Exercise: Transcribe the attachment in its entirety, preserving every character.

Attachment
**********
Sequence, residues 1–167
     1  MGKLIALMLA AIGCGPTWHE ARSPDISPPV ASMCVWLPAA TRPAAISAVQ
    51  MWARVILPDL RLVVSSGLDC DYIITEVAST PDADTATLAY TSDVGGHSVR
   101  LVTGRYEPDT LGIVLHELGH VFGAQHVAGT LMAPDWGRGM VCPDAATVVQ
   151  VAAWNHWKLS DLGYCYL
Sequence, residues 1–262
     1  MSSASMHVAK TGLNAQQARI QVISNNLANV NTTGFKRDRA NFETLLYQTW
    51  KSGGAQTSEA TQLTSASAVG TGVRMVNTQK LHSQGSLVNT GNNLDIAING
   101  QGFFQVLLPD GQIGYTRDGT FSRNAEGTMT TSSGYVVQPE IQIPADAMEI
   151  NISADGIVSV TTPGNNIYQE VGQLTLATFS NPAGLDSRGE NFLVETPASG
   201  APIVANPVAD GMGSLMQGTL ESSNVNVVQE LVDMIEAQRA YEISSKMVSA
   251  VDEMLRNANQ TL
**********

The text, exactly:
Sequence, residues 1–167
     1  MGKLIALMLA AIGCGPTWHE ARSPDISPPV ASMCVWLPAA TRPAAISAVQ
    51  MWARVILPDL RLVVSSGLDC DYIITEVAST PDADTATLAY TSDVGGHSVR
   101  LVTGRYEPDT LGIVLHELGH VFGAQHVAGT LMAPDWGRGM VCPDAATVVQ
   151  VAAWNHWKLS DLGYCYL
Sequence, residues 1–262
     1  MSSASMHVAK TGLNAQQARI QVISNNLANV NTTGFKRDRA NFETLLYQTW
    51  KSGGAQTSEA TQLTSASAVG TGVRMVNTQK LHSQGSLVNT GNNLDIAING
   101  QGFFQVLLPD GQIGYTRDGT FSRNAEGTMT TSSGYVVQPE IQIPADAMEI
   151  NISADGIVSV TTPGNNIYQE VGQLTLATFS NPAGLDSRGE NFLVETPASG
   201  APIVANPVAD GMGSLMQGTL ESSNVNVVQE LVDMIEAQRA YEISSKMVSA
   251  VDEMLRNANQ TL